SAP and Oracle make it almost impossible to integrate these things, I was told. No, unstructured email it must be, with human minions converting the data from one system's format into another's using their fingers.
My second experience was setting up a crowdfunding campaign in Pozible to resurrect a podcast. With Pozible's newish subscription functions, I could create a funding model much like that for community radio — what Americans call "public radio" — with people committing regular monthly payments. To set this up, however, I'd need an account with payment service Stripe.
Connecting Pozible to Stripe wasn't exactly a complex integration task. I opened my web browser, logged into both, entered the account details of one into the other, and OAuth worked its magic. Done.
It felt like I was working in a different world.
This wasn't the enterprise IT world of monolithic systems from monolithic global corporations that promised to do everything for your business — or at least "everything" that they'd decided to include, and it's up to you to adapt your business to their way of thinking. Where the vendor will charge you big bucks to arrange for some of their people to come over and adapt your way of thinking to theirs.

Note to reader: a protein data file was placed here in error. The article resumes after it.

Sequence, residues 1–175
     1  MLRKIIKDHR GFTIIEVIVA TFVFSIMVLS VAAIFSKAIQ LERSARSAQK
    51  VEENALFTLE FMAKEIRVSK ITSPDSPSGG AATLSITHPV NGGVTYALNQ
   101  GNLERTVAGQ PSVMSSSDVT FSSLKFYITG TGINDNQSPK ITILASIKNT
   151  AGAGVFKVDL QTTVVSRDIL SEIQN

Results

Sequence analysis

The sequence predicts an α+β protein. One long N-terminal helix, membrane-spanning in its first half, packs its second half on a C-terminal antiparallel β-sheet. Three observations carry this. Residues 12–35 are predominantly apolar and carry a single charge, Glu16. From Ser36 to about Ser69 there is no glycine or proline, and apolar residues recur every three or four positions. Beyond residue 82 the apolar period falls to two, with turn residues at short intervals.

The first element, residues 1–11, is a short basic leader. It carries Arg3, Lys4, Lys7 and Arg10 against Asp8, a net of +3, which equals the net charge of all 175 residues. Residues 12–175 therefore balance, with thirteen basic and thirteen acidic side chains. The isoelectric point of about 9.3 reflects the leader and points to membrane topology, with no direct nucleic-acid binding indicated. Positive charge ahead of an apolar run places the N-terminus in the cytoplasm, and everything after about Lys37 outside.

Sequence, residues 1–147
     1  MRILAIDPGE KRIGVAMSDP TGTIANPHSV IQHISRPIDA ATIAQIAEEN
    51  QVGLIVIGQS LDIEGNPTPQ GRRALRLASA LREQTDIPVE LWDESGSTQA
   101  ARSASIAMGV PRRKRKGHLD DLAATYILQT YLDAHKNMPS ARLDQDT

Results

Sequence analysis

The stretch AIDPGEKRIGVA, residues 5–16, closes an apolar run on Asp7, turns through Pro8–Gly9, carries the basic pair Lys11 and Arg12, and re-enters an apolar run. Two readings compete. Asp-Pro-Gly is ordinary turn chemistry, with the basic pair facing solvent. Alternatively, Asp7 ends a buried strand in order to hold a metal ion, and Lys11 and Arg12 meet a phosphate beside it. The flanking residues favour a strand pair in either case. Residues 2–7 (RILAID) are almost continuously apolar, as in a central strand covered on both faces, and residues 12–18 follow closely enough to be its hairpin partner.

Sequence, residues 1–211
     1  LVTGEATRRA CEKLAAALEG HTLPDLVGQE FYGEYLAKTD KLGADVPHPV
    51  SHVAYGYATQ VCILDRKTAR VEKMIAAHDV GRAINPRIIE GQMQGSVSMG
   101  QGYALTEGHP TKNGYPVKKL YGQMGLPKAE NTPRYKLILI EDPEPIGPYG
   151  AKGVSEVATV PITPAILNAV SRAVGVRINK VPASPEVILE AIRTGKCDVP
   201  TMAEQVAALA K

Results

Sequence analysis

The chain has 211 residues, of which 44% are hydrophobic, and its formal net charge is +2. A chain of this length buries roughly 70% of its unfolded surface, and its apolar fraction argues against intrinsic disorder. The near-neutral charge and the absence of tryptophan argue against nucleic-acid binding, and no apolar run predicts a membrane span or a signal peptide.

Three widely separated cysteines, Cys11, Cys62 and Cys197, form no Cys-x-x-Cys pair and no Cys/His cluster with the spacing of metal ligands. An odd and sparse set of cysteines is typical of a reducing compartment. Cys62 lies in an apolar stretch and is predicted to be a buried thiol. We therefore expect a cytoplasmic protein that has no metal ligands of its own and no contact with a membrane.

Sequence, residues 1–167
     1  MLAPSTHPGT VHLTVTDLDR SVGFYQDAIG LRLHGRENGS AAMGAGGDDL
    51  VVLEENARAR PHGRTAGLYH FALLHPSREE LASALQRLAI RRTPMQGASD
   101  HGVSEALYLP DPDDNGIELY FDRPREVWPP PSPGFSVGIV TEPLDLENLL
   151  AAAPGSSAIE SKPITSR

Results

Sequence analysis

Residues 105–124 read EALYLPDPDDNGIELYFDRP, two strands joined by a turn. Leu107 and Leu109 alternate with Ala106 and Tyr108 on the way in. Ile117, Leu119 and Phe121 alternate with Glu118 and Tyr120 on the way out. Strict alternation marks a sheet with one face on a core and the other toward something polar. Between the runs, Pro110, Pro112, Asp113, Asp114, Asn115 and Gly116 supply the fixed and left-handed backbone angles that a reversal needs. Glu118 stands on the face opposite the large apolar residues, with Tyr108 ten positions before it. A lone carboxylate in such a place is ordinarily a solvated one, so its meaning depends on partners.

It's about big systems, big customers, big money, and big profit margins.
This was the rapidly-evolving cloud world of small pieces loosely joined, where the services provided by the business are exposed as a clearly-defined application programming interface (API). Where everything is so simple that having to "adapt" to their way of doing business doesn't even make sense as a concept — because the business only does one thing, and you either need it or you don't.
It's about many, many small customers, many small transactions and low margins — but just like a supermarket, they make up for it with volume.
"Businesses have to actively reinvent themselves as APIs," futurist Mark Pesce told ZDNet in August 2012. "The world of business in the 21st century looks a lot more like Lego than it does like Monopoly."
Connecting Pozible to Stripe is a clear example. Down the track, when I want to sell something else, maybe I'll want to sell through someone other than Pozible, or take payments through someone other than Stripe — but I can connect and disconnect those things as I need.